When submitting papers to scientific journals, it makes sense to aim slightly above the paper's level - after all, if you submit too high, you get rejected and can resubmit, while if you submit too low you end up just publishing there. Or so it seems to me.

An extreme strategy (which is equally impractical and evil) would be to make a list of all journals ranked from best to worst, and keep submitting to the highest ranking one that you haven't tried yet, until one of them accepts. With a strategy like that, the chance that the paper gets accepted in any particular submission is close to zero. At the other end of the spectrum, if almost all of your submissions are accepted then it's very likely that you're selling yourself short.

Now, it's impossible to know with any level of precision what's the probability of acceptance of a given paper at any particular journal. But it is possible to observe a general trend, and try to adjust your confidence up or down. Hence, the question:

If one is reasonable in their choice of journals, how frequently should their papers be rejected?

In other words, at what point should I start making a conscious effort to submit to better journals? At which point should I start submitting to worse journals?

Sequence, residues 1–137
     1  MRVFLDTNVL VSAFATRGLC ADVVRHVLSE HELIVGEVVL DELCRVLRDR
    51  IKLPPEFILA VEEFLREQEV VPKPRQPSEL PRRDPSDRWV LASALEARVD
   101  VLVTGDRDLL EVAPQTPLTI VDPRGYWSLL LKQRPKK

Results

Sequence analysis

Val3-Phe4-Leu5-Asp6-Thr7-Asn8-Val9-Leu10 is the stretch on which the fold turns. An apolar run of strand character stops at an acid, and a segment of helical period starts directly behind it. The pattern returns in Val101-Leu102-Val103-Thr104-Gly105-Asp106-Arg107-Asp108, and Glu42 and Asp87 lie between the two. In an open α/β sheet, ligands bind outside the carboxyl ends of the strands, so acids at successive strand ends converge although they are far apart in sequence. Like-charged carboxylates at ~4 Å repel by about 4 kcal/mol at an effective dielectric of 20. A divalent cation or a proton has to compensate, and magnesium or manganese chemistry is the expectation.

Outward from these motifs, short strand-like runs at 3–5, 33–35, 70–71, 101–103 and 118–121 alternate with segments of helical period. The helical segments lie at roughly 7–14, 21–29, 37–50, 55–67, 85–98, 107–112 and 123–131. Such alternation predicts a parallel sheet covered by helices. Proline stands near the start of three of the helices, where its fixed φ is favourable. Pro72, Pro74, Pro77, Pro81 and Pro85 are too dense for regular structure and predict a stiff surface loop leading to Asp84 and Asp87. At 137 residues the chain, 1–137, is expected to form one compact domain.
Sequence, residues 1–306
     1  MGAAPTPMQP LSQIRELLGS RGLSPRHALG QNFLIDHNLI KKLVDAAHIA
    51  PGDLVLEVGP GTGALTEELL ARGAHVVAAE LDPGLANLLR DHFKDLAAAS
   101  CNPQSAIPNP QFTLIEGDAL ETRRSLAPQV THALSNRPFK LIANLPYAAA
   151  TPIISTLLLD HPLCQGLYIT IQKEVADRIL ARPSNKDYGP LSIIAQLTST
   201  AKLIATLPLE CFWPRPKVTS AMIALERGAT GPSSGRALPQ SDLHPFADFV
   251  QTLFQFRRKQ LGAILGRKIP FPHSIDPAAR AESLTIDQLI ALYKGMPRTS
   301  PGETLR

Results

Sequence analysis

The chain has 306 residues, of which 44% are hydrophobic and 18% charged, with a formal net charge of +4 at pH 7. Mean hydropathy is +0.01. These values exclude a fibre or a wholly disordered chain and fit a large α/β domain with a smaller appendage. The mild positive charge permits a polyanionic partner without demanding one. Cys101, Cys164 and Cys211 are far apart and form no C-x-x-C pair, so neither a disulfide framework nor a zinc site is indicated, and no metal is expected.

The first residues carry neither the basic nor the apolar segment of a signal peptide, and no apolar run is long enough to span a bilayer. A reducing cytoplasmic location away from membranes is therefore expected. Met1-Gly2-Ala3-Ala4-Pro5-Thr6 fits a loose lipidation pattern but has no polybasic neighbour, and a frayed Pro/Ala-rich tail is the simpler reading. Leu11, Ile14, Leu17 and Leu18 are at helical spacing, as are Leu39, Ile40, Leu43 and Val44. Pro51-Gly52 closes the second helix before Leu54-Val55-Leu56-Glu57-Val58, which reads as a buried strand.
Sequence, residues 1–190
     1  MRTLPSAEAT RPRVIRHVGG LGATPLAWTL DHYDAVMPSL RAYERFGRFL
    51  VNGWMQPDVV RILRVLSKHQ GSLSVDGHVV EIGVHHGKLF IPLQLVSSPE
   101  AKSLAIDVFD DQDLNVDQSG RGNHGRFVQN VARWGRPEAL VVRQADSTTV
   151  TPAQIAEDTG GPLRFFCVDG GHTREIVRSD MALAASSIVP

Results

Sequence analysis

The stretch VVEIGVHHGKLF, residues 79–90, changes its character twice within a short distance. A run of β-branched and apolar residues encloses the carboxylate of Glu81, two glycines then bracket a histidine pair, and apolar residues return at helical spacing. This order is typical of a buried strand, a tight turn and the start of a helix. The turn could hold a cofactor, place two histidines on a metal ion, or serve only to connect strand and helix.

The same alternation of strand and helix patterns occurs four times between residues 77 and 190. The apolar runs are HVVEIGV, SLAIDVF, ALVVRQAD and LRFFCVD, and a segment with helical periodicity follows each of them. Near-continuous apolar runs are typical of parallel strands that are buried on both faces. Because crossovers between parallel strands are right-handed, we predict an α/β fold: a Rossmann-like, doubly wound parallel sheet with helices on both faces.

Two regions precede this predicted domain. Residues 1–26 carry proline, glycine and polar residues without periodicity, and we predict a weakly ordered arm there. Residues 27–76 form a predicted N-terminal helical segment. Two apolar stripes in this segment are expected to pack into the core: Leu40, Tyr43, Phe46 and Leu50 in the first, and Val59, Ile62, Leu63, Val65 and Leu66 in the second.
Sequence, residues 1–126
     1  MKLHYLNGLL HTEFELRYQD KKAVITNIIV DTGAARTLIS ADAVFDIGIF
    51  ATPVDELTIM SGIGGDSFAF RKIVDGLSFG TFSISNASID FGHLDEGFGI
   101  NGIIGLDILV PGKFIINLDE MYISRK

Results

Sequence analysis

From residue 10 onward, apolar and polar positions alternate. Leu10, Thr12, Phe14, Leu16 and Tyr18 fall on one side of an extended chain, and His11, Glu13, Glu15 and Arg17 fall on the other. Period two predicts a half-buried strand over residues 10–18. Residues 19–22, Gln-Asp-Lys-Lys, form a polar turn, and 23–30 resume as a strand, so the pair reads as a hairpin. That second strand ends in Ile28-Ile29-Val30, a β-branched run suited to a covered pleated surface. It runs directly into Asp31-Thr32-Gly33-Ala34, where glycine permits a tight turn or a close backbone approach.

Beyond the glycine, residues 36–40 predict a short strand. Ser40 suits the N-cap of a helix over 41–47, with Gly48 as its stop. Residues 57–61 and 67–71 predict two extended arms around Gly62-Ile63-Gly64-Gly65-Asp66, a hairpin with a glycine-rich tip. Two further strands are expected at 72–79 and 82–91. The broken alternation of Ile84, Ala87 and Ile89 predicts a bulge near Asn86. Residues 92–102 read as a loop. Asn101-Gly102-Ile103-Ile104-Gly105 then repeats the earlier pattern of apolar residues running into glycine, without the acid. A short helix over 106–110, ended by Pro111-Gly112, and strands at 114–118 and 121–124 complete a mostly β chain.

For instance, my current strategy is to try and figure out how good a paper is, and first submit to a journal that's about the best that could possibly accept it, and then go down from that by a small but noticable margin. In a small sample size, about half the time the paper was submitted on the first attempt, and about half the time on the second, and so far I haven't had to submit anything three times. Hence, my papers get rejected around 33% of the time. Is this a reasonable frequency, or should I be more modest (or possibly more aggressive) in my choice of journals?

My field is pure mathematics, but I'm also interested in perspectives from other fields.

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    I don't think there's a right or wrong answer here. Your personal "target" rate would depend on how you balance the competing priorities of "publish in the best journal" versus "get it accepted fast". Different people will weight these differently depending on their personal preferences, career situation, the quality of the specific paper, etc, and both your extreme strategies could be valid in appropriate situations. Commented Oct 19, 2017 at 19:33
  • This also seems to apply to conferences, not just journals (in those fields where conferences are the main method of publication).
    – JAB
    Commented Oct 19, 2017 at 19:36
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    If you keep submitting your work to journals that are way too high for the potential impact or quality of your work, the editors of those journals may start to remember your name and have a special eye on you next time you submit, even though next time it might be appropriate to submit to such a journal. Take home message: don't start at Nature and Science every time you want to submit something.
    – Mark
    Commented Oct 19, 2017 at 19:56